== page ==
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How Not to Confess Your SIns

Rev. Michael Calvert, Ph.D., April 8, 2018
Part of the Great Events in the History of Redemption series.

This coming Lord’s Day we are returning to the story that we have been tracking for a good while now—the account of the rise and fall of King Saul, Israel’s first king. And we are well on our way to an investigation of another of Israel’s kings, King David. But before we get to David’s amazing story, we need to wrap up things with Saul. And there is something most important for us to get a hold on before we go any further.

One of the great, and perhaps surprising, things that we have been discovering along the way is that the Old Testament has much to teach us about being faithful disciples of our Lord Jesus Christ. And that is one of the reasons that we have been taking our time tracing some of the great events in the history of salvation as God’s wonderful plan of redemption beautifully unfolds on the pages of the ‘Older Testament.’ And seeing that the Old Covenant Scriptures eventually point us to our Savior, we should expect that we will also encounter some inspired examples that demonstrate to us what a faithful life of service to our Lord entails and demands. Just as we find the beauty and blessings of salvation through our Lord Jesus Christ foreshadowed in the Old Testament, we also discover a foreshadowing of the life of a faithful disciple as well.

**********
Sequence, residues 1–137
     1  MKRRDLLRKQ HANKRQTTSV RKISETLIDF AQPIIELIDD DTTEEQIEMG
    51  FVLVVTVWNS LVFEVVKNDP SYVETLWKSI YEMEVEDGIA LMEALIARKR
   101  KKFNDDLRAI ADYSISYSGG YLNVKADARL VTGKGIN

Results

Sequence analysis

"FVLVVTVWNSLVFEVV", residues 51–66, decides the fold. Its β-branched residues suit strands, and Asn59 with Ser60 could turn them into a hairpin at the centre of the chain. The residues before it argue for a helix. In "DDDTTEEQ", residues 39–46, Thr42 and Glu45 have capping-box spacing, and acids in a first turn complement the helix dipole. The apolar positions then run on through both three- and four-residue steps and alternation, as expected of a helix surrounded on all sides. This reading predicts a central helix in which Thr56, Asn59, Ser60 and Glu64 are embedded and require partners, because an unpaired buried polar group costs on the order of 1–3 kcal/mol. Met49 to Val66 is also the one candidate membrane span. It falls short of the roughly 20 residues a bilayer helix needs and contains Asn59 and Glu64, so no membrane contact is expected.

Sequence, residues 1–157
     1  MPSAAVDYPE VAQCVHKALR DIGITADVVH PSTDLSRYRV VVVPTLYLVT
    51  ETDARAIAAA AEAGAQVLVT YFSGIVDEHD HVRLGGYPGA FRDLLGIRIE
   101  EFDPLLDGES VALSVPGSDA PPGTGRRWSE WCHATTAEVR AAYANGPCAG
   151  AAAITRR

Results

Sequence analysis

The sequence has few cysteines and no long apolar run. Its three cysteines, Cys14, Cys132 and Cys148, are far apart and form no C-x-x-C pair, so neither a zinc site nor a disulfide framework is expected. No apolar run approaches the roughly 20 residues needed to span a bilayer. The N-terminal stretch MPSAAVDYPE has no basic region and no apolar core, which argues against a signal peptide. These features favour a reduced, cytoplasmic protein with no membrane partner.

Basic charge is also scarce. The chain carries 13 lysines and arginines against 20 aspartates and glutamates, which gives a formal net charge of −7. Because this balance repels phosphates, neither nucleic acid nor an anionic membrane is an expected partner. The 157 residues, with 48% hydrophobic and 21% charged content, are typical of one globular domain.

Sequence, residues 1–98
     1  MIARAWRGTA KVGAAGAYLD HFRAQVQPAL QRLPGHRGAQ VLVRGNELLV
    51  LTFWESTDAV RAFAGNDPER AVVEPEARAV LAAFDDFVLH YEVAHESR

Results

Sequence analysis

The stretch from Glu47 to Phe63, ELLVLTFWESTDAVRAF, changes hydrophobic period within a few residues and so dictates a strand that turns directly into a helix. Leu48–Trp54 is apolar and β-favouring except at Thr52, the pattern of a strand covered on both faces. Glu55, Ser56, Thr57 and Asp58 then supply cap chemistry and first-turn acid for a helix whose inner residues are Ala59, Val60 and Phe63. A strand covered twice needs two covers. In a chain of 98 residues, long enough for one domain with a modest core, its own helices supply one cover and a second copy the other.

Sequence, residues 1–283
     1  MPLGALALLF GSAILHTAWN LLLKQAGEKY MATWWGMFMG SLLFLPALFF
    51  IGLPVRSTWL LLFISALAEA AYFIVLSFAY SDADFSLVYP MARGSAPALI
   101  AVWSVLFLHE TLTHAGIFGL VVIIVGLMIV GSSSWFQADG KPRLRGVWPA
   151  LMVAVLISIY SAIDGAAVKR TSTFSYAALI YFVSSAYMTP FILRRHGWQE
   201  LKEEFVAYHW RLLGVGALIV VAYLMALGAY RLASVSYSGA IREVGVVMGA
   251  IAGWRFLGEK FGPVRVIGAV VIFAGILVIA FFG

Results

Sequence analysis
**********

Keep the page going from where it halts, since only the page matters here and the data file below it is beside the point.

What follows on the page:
This week we will be looking very carefully at 1 Samuel 15:24-35, and our subject will be confession—confession of sin. What we will discover from the life of Saul is an important lesson for all Christian disciples—how not to confess our sins. It will help if you go back and read the entire fifteenth chapter once again, and when you do you will readily observe how Saul provides us with a negative example, but an example nonetheless. I look forward to exploring this passage with you as we come before our Lord and Savior in worship and in adoration this Sunday!


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